Elizabeth Piliceri is only 11 but her confidence abounds as she practices on stage at Highland Oaks Middle School. Indeed, think Eve Harrington from All About Eve, Fanny Brice in Funny Girl — even Thelma and Louise.
“What I love about this class is that you get to express your inner feelings about your real talent and you don’t get to do that anywhere else,” Elizabeth says about her drama club and class, run by Highland Oaks’ language arts teacher Betty Marks.
“Miss Marks lets you do that. That’s the most amazing feeling you can get from a teacher. She’s a really big eye-opener. I love being confident. Believing in myself is the No. 1 thing. Never think doubtful, think positive. That’s how I finish my homework in five minutes. I get good grades. I love life. Live it to the fullest,” Elizabeth says.
The sixth-grade student is but one member of Marks’ growing drama club, an extracurricular program that meets Wednesdays at the school with professional teaching artists from Miami Shores’ Miami Theater Center to learn the acting craft.
Acting, however, is just the conduit. The 75 students here are learning about focus, confidence, empathy, listening, trust.
Fernando Diaz, the school’s assistant principal calls the program, “character building.”
The theater company’s Stephen Kaiser, the associate director of education and community engagement, says it’s about commitment, a pledge the arts group has made to offer free in-school partnership programs to Title 1 Miami-Dade Schools. The aim is to keep the arts alive in an era of dwindling funds and standardized test scores.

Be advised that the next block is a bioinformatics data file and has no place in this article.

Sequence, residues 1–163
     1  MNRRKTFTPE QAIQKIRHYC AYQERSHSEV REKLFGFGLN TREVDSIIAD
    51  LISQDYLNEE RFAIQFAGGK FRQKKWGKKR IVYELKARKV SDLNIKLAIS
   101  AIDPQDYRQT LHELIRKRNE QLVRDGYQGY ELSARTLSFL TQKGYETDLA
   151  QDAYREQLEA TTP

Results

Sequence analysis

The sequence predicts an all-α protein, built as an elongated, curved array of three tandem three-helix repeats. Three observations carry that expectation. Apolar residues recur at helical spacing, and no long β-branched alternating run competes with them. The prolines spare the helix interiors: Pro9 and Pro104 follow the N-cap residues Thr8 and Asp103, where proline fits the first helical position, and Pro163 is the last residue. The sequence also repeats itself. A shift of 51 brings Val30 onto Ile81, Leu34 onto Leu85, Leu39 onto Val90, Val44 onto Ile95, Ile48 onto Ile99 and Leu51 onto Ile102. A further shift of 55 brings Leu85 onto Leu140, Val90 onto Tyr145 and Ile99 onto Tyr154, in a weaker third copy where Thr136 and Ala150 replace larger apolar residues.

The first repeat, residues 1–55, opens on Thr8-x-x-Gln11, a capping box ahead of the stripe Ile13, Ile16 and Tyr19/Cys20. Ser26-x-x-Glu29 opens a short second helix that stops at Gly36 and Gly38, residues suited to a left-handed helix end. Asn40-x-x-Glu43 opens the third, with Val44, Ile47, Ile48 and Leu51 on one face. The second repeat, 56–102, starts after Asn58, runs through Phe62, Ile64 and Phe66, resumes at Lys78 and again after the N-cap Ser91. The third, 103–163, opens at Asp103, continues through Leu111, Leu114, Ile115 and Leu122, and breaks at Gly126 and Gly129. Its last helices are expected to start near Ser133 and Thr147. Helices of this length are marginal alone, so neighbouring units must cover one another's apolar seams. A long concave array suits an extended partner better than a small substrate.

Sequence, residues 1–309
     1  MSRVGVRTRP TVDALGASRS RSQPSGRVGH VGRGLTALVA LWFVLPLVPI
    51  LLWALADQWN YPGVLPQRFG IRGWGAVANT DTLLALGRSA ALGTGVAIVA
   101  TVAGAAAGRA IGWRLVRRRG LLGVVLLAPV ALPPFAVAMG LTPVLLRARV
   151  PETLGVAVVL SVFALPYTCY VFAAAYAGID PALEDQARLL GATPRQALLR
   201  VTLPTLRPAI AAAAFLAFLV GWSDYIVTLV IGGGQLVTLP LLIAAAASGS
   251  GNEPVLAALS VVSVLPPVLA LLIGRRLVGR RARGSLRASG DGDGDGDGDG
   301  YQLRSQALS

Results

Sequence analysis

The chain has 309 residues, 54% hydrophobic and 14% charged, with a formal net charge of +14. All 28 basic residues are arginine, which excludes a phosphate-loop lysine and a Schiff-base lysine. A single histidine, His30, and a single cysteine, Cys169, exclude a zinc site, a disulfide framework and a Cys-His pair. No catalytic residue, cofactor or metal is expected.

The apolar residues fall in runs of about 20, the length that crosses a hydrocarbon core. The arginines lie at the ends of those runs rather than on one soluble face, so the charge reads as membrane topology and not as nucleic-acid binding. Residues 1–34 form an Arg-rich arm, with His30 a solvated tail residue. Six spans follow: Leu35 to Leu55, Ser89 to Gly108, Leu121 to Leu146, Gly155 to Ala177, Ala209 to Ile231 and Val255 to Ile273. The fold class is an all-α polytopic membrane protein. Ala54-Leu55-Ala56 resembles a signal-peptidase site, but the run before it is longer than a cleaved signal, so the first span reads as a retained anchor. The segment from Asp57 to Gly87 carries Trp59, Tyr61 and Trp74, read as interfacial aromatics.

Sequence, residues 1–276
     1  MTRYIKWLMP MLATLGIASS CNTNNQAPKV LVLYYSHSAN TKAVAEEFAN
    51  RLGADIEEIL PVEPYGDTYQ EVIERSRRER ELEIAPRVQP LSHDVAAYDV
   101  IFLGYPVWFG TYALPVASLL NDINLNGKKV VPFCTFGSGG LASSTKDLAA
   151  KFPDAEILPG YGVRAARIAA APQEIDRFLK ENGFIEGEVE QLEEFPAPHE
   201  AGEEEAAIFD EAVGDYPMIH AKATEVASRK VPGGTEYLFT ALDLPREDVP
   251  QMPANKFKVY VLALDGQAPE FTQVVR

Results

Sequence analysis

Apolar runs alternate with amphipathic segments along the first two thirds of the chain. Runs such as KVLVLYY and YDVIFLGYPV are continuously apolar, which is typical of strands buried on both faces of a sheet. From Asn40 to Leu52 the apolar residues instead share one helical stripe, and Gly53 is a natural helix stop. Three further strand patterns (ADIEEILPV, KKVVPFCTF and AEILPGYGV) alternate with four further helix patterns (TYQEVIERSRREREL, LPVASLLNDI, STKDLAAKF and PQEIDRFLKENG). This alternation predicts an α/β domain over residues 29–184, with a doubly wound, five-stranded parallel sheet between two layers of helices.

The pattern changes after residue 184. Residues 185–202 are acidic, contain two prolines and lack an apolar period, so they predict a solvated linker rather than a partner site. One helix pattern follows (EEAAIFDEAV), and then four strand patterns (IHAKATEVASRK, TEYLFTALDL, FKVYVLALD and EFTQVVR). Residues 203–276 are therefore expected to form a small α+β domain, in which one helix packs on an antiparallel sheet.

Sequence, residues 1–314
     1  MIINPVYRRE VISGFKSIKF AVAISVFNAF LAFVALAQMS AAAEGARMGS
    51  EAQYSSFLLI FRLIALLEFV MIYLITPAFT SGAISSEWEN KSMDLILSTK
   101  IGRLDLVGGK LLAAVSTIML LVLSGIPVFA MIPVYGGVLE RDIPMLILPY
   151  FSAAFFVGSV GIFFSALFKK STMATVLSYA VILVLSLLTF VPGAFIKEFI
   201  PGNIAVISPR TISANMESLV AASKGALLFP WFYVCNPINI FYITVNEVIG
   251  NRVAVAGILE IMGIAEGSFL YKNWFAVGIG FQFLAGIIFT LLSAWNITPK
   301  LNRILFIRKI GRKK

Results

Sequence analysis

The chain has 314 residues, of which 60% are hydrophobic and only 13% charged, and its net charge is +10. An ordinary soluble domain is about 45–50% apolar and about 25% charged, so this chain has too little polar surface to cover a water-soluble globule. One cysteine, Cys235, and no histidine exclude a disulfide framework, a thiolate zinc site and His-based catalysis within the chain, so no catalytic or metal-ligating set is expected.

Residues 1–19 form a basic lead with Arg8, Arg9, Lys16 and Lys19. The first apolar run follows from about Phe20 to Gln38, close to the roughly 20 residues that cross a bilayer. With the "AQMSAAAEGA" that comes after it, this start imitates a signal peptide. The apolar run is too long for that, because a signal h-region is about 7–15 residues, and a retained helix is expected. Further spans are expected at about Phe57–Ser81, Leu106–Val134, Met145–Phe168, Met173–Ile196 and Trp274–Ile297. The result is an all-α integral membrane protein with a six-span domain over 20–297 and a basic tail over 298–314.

“We identified a need. We’re doing our part to expose theater to children,” he says. The center has visited a number of schools this year, including Oak Grove Elementary, Allapattah Middle School, Toussaint Louverture Elementary and Miami Edison Middle.
Marks, an actress who has appeared on Miami Vice and local stages like Actors’ Playhouse and the Jerry Herman Ring Theatre at the University of Miami, has much to teach her young charges. Her theatrical experience, after all, dates to 1962 when she was a child in Savannah, Ga., and she scored a stand-in part as Gregory Peck’s daughter in the original Cape Fear.
“It’s in my blood since I was 4. It’s all I’ve ever wanted to do and it runs through your veins and what I want to do is project it to them,” she said.
She can call out instruction on voice projection, body language, the proper reading of a line — and does so, often.
“You can be a better student, too,” she tells one of them. “Carry the joy into your classrooms.” To another, who fumbles over a prepared monolog and begs off another attempt, Marks offers a firm, “No!” and points at her watch. Soon it will be dark and she won’t have her students walking outside after evening falls. Acting is discipline. Practice. Over and over.
Marks knows these things from her own acting days, a role she would like to return to after 30 years of teaching. She plans to leave the school system in another two-and-a-half years. There are parts out there with her name on them. “Voiceovers. Crazy character parts for baby boomers. I put so much into the children I can’t count how many, including my own. It’s time for me, maybe, God willing.”
She also speaks about the compassion her middle school kids teach her during acting exercises.